- you should know that etidronate may cause osteonecrosis of the jaw (ONJ, a serious condition of the jaw bone), especially if you have dental surgery or treatment while you are taking the medication. A dentist should examine your teeth and perform any needed treatments, including cleaning or fixing ill-fitted dentures, before you start to take etidronate. Be sure to brush your teeth and clean your mouth properly while you are taking etidronate. Talk to your doctor before having any dental treatments while you are taking this medication.
- you should know that etidronate may cause severe bone, muscle, or joint pain. You may begin to feel this pain within days, months, or years after you first take etidronate. Although this type of pain may begin after you have taken etidronate for some time, it is important for you and your doctor to realize that it may be caused by etidronate. Call your doctor right away if you experience severe pain at any time during your treatment with etidronate. Your doctor may tell you to stop taking etidronate and your pain may go away after you stop taking the medication.
What special dietary instructions should I follow?
It is important that you get enough calcium and vitamin D and eat a balanced diet while you are taking etidronate. Your doctor will tell you which foods are good sources of these nutrients and how many servings you need each day. If you find it difficult to eat enough of these foods, tell your doctor. In that case, your doctor may prescribe or recommend a supplement.
What should I do if I forget a dose?
If you have not already eaten, take the missed dose as soon as you remember it. If you have already eaten, take the missed dose 2 hours after you last ate. However, if it is almost time for the next dose, skip the missed dose and continue your regular dosing schedule. Do not take a double dose to make up for a missed one.
What side effects can this medication cause?
Etidronate may cause side effects. Tell your doctor if any of these symptoms are severe or do not go away:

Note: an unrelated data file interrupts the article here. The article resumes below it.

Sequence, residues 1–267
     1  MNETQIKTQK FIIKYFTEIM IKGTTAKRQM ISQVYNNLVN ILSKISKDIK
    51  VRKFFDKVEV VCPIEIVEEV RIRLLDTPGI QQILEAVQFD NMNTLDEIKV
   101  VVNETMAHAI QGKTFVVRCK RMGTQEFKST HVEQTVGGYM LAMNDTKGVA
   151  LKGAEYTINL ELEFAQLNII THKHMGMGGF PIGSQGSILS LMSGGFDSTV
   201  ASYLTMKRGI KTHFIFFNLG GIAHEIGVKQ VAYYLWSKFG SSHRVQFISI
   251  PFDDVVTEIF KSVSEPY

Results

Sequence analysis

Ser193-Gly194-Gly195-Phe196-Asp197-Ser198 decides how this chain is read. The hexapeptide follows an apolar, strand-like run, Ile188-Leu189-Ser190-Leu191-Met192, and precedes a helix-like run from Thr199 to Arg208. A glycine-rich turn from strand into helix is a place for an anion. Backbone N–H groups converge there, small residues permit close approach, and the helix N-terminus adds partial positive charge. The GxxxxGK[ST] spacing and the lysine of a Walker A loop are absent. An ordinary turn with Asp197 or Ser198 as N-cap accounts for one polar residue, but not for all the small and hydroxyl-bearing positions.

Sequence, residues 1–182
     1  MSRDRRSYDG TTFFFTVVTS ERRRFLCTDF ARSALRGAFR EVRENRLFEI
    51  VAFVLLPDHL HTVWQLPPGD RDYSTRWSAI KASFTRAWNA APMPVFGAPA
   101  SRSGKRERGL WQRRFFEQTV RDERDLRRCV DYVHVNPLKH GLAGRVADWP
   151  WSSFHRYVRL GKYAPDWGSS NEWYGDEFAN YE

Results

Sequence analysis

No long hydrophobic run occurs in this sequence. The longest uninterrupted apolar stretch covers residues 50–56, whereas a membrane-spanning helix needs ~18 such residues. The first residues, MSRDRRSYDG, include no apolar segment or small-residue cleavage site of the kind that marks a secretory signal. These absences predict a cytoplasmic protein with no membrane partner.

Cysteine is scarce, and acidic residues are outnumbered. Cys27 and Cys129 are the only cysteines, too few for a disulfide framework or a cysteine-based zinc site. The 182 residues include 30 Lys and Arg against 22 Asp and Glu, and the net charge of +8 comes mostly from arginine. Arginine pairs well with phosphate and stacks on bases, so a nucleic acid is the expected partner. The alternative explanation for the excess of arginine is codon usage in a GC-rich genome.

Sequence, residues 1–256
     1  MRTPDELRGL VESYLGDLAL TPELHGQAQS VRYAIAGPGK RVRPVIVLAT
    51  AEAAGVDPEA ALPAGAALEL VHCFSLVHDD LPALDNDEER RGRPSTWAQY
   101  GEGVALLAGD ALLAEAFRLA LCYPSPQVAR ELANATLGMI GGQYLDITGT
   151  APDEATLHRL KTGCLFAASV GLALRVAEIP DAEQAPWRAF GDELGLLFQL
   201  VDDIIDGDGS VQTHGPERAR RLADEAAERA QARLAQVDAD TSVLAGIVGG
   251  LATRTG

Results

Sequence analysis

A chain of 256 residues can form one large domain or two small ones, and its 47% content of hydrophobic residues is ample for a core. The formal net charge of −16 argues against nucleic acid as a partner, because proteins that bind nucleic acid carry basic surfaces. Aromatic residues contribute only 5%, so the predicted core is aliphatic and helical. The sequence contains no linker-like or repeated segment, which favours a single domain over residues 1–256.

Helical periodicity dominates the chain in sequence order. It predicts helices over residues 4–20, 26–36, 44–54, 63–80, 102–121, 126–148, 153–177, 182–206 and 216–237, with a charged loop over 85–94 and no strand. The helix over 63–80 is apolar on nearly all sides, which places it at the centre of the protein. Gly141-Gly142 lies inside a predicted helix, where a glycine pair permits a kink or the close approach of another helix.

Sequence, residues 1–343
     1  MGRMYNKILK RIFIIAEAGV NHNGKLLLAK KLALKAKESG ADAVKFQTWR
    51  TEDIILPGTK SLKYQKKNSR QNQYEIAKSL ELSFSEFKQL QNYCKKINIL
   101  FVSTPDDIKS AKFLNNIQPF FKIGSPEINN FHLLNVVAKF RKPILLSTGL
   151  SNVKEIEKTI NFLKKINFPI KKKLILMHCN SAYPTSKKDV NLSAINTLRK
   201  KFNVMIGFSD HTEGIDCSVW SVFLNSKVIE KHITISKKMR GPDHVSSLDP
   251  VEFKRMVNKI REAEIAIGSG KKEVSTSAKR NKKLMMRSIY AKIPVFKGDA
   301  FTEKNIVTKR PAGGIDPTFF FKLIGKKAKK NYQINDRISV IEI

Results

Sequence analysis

Some side effects can be serious. If you experience any of the following symptoms, call your doctor immediately:
- new or worsening heartburn
- pain when swallowing
- chest pain
- swelling of the face, throat, tongue, lips, eyes, hands, feet, ankles, or lower legs
- difficulty swallowing
- blisters on the skin
Etidronate may cause other side effects. Call your doctor if you have any unusual problems while taking this medication.
If you experience a serious side effect, you or your doctor may send a report to the Food and Drug Administration's (FDA) MedWatch Adverse Event Reporting program online (http://www.fda.gov/Safety/MedWatch) or by phone (1-800-332-1088).
What should I know about storage and disposal of this medication?
Keep this medication in the container it came in, tightly closed, and out of reach of children. Store it at room temperature and away from excess heat and moisture (not in the bathroom).
Unneeded medications should be disposed of in special ways to ensure that pets, children, and other people cannot consume them. However, you should not flush this medication down the toilet. Instead, the best way to dispose of your medication is through a medicine take-back program. Talk to your pharmacist or contact your local garbage/recycling department to learn about take-back programs in your community. See the FDA's Safe Disposal of Medicines website (http://goo.gl/c4Rm4p) for more information if you do not have access to a take-back program.
It is important to keep all medication out of sight and reach of children as many containers (such as weekly pill minders and those for eye drops, creams, patches, and inhalers) are not child-resistant and young children can open them easily. To protect young children from poisoning, always lock safety caps and immediately place the medication in a safe location – one that is up and away and out of their sight and reach. http://www.upandaway.org
In case of emergency/overdose
In case of overdose, call the poison control helpline at 1-800-222-1222. Information is also available online at https://www.poisonhelp.org/help. If the victim has collapsed, had a seizure, has trouble breathing, or can't be awakened, immediately call emergency services at 911.
Symptoms of overdose may include the following:
- stomach cramps
- pain, burning, numbness, or tingling in the hands or feet
- muscle spasms and cramps
What other information should I know?
Keep all appointments with your doctor and the laboratory. Your doctor may order certain lab tests to check your body's response to etidronate.
Do not let anyone else take your medication. Ask your pharmacist any questions you have about refilling your prescription.
It is important for you to keep a written list of all of the prescription and nonprescription (over-the-counter) medicines you are taking, as well as any products such as vitamins, minerals, or other dietary supplements. You should bring this list with you each time you visit a doctor or if you are admitted to a hospital. It is also important information to carry with you in case of emergencies.